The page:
They say that it is a sure sign of getting old(er) when everything you hear or read reminds you of something similar that happened before. So, it is no wonder that, with all the talk lately about sand, memories came back to me, memories made of sand.
The oldest one dates back to ‘Hike #2’ – about 23 years ago. The hike never took place because we were asked to host a beach clean-up, sponsored by the Pitch-In people, instead. When we arrived it looked hopeless, the stretch of the beach endless and the sand beyond our control. We were only six hikers but, luckily, school children and some volunteers came to the rescue. In the end, we had several huge bags filled with pretty much the same items the volunteers, who just recently took part in the “Great Canadian Shoreline Clean-up Day”, have found. Will people ever learn?
Memories of the many markets come to my mind, when my husband and I, along with other hikers, were usually sitting at the front table giving out information and selling our Hiking Guide. It was a great place to observe the “going-ons”, including, of course, people coming in, often in bathing suits, dripping water, sand or both. And I have not mentioned the plight the janitor of those days faced with swimmers coming from the beach to clean up in the washrooms.
The next memory dates back to the time when the Recreation commission was organizing and hosting the annual Canada Day Celebrations. At this time, we had just survived the Flag Raising Ceremony without the RCMP officer falling through the rickety balcony of the Memorial Hall and were ready to serve the cake at the old plaza, or the “carport” as we often called it. We had decorated it as best as we could and the table was set. I remember that I thought a blessing it was to have electric outlets there which allowed us to plug in the big coffee urn rather than making the coffee elsewhere and bring it over.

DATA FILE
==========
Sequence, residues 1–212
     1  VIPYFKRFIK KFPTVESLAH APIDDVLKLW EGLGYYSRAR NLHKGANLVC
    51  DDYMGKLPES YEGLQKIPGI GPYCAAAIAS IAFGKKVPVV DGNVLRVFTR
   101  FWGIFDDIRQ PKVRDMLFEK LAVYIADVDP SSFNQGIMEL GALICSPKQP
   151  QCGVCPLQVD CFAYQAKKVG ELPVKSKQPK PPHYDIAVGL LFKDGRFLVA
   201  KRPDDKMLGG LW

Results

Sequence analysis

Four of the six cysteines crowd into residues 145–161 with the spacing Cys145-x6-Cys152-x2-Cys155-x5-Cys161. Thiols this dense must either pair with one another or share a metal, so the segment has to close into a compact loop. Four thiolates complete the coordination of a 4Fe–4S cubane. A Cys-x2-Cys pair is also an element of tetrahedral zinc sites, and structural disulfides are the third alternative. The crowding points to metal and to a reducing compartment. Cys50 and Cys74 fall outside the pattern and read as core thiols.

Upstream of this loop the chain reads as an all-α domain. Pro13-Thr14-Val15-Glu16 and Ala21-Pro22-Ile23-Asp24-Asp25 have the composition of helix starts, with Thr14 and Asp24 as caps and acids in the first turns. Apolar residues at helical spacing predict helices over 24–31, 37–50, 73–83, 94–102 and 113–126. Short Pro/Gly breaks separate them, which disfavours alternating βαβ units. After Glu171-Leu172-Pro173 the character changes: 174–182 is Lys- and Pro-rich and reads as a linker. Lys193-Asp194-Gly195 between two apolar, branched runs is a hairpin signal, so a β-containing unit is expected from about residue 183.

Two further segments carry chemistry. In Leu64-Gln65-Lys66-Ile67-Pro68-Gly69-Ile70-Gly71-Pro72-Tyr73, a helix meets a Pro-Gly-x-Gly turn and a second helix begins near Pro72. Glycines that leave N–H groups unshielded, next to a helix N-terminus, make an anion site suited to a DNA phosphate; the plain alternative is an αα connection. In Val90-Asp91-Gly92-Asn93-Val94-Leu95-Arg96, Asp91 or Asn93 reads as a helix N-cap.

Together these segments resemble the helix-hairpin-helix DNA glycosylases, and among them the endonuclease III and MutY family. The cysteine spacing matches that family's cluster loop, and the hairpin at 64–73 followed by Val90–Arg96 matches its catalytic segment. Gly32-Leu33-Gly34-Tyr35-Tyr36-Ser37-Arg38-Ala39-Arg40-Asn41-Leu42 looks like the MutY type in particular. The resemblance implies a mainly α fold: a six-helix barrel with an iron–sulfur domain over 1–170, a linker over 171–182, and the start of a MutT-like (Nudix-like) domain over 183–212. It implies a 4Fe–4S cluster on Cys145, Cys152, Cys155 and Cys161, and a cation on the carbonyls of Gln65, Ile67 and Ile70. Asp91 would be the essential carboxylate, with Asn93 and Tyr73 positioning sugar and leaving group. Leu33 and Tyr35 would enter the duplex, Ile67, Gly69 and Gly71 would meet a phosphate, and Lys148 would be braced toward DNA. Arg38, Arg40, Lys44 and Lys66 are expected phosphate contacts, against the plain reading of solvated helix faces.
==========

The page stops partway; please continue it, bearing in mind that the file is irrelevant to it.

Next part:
I also remember that I noticed the wind getting stronger and the sand starting to blow in. I am sure you can guess the rest: in due course, we had to gather up our belongings, cake and all and move to another location – one just cannot win against blowing sand!
The next memory of sand is much closer to our time, about two years ago. This time one of our choir concerts was scheduled for Sunday afternoon at the Memorial Hall. It was bitter cold and a severe sandstorm had started in the morning. We thought it would be prudent to cancel but also realized that it most likely was too late to do so. So here we were, dressed as warmly as we could, gathering at the hall not to sing, but to be there should any audience materialize out of the sand! It was brutal. The sand came in from everywhere, through the doors, the windows and through the fan over the electric range in the kitchen. Looking out the windows, we saw large clouds of sand blowing along the road. The old heating system did not have a chance. And yet, to our disbelief, about 40 people came to listen to our singing. They were mostly from Chilliwack and had not heard of our situation. How could we disappoint them? We kept our coats on and sang! But somehow the scene reminded me of wartime!
These stories could not happen again, I think. Our new Spirit Place is replacing the old plaza, there are beach washrooms and the Memorial Hall has been renovated in many ways including new windows and a state of the art heating system. Finally, the beach itself has been landscaped in such a way that it has a much better chance to withstand the blowing winds.
Memories, however, do linger on, even if they are made of sand!